Hughes’ ruling addressed each and every one of the plaintiffs’ arguments including the vaccination requirement violating Texas law and a comparison to forced medical experiments in Nazi Germany. “Equating the injection requirement to medical experimentation in concentration camps is reprehensible,” Hughes wrote. “Nazi doctors conducted medical experiments on victims that caused pain, mutilation, permanent disability, and in many cases, death.”

Ultimately Hughes concluded that the plaintiffs “misconstrued” the law and “misrepresented the facts” and “will take nothing” from the hospital. If they had an issue with the policies in place, they should seek employment elsewhere, he wrote.

Upon hearing the ruling, lead plaintiff Jennifer Bridges noted that she would continue to fight her case. “This doesn’t surprise me,” she told USA Today. “Methodist is a very large company, and they are pretty well-protected in a lot of areas. We knew this was going to be a huge fight, and we are prepared to fight it.” Bridges has also started a petition against mandatory vaccinations by employers.

In response to the ruling, attorney and conservative activist Jared Woodfill who represents her and the other 116 plaintiffs said: “We took the position that it shouldn’t be dismissed for a whole host of reasons and we believe that forcing an individual to participate in a vaccine trial is illegal.”

“This is the first battle in a long fight,” Woodfill continued. “There are going to be many battles fought. Not just in this courtroom, but in courtrooms all across the state. There are battles that are going to be fought in the higher courts, the 5th Circuit, the Texas Supreme Court, even the United States Supreme Court. So this is just one battle in a larger war. It’s the first round, if you will.”

Woodfill confirmed that they would appeal to the U.S. Supreme Court “if necessary.”

So despite the judge noting and clearly addressing that they had no case, the plaintiffs refuse to back down.

The employees who were suspended from their roles made up only 1% of the hospital’s total number of employees, according to Houston Methodist CEO Marc Boom. Boom noted that many other hospitals are working on similar initiatives but were only waiting on this case’s verdict to take action. “We can now put this behind us and continue our focus on unparalleled safety, quality, service and innovation,” Boom said after the ruling. “Our employees and physicians made their decisions for our patients, who are always at the center of everything we do.”

According to CBS News, as of this report, nearly 25,000 Houston Methodist employees had been fully vaccinated against COVID-19 and at least two employees who worked in management chose to leave rather than receive the vaccine.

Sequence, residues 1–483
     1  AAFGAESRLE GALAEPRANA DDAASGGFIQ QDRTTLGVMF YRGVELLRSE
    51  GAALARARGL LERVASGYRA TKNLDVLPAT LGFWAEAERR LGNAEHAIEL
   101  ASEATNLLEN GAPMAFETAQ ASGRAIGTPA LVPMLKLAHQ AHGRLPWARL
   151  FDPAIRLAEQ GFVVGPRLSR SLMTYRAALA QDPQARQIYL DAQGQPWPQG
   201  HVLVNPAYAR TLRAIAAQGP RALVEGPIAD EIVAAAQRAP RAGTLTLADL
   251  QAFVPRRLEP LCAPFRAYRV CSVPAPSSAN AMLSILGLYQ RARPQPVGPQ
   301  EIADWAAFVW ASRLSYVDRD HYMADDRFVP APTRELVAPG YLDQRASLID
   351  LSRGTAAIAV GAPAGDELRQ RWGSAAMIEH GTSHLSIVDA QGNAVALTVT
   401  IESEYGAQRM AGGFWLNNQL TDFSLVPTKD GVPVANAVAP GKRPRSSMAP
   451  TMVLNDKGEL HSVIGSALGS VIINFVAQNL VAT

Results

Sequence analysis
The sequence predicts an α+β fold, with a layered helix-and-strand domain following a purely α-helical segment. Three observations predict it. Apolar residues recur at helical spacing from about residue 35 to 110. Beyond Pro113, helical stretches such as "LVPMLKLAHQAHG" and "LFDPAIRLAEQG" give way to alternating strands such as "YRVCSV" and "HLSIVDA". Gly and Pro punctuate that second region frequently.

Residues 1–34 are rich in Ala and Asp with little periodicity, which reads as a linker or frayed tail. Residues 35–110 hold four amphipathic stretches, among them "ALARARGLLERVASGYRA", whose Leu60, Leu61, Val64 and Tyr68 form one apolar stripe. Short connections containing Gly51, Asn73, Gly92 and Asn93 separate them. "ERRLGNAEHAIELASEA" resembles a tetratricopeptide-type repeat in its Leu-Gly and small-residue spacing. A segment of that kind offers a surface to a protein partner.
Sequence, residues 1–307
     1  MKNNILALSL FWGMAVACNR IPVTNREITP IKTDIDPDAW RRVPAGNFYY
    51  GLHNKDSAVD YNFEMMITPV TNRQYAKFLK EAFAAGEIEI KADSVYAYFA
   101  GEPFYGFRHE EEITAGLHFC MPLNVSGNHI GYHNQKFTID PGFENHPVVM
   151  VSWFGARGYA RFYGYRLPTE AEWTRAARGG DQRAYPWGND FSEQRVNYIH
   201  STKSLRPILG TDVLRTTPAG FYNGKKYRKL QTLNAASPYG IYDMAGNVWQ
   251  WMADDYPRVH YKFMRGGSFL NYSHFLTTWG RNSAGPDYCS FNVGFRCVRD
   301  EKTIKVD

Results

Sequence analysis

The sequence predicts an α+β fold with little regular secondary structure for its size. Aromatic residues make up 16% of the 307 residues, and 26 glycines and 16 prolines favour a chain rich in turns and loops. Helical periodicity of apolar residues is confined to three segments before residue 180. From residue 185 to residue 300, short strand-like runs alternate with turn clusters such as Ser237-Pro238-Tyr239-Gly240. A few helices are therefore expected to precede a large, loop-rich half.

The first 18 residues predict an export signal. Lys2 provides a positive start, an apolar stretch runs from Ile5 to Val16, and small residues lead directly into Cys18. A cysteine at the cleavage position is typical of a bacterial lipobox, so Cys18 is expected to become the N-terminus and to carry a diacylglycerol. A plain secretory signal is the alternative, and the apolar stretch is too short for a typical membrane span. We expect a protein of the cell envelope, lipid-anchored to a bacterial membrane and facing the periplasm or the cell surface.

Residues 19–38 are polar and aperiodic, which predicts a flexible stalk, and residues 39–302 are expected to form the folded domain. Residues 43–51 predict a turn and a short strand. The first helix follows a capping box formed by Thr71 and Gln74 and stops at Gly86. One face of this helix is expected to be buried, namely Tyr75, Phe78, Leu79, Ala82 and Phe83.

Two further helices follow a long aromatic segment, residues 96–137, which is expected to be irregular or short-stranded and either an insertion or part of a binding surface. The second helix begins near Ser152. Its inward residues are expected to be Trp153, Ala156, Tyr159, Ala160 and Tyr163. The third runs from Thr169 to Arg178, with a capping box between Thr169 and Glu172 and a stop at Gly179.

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Distress signals already emerging within GOP over sticking with Trump

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Nothing but unicorns and rainbows, folks. 

But the truth is, Trump’s toxic effect on party politics at the state and federal level is already roiling the GOP, and we’re starting see signs of that everywhere. Just over a week ago, Sen. Roy Blunt of Missouri reverted to a practice that Republicans developed during the Trump-era amid efforts to reach a leader who never listened to his advisers—he made an entreaty to Trump on the airwaves.

“He could be incredibly helpful in 2022 if he gets focused on 2022 and the differences in the two political parties,” Blunt said of Trump, on NBC’s Meet The Press.

And who could miss Senate Minority Leader Mitch McConnell last week telling Fox News that Trump “has his own agenda” when it comes to the midterms?

Then there’s the GOP candidates who are clearly scared out of their wits over what Trump could do to the party’s electoral hopes in 2022 given that he continues to be obsessed with relitigating his 2020 election loss, which he called “the crime of the century” just last month.

“He should have learned from what happened in Georgia,” said one GOP lawmaker, who represents a purple district but obviously didn’t want to risk Trump’s ire by going on the record. “He cost us Georgia by focusing on the election.”

The words “should have” appear to be the operative part in that sentence.

“If Trump focused on Pelosi and Biden’s policy failures, he would help us. If it’s about election fraud and sour grapes from 2020, it will hurt us,” the GOP lawmaker added. 

Again, the word “if” is telling and not particularly hopeful from a Republican lawmaker who was likely speaking more frankly based on being granted anonymity. 

The lawmaker acknowledged that Trump’s 2020 grievances animate the base, but said it’s not particularly helpful when it comes to retaking the majority—presumably in more swingy districts.  

“We may be able to still win the majority, but I think it makes the hill harder to climb.”

In other words, in the eyes of a purple-district House Republican, Trump could be more of a liability to the GOP in the midterms than a boon.

Not exactly unicorns and rainbows, folks.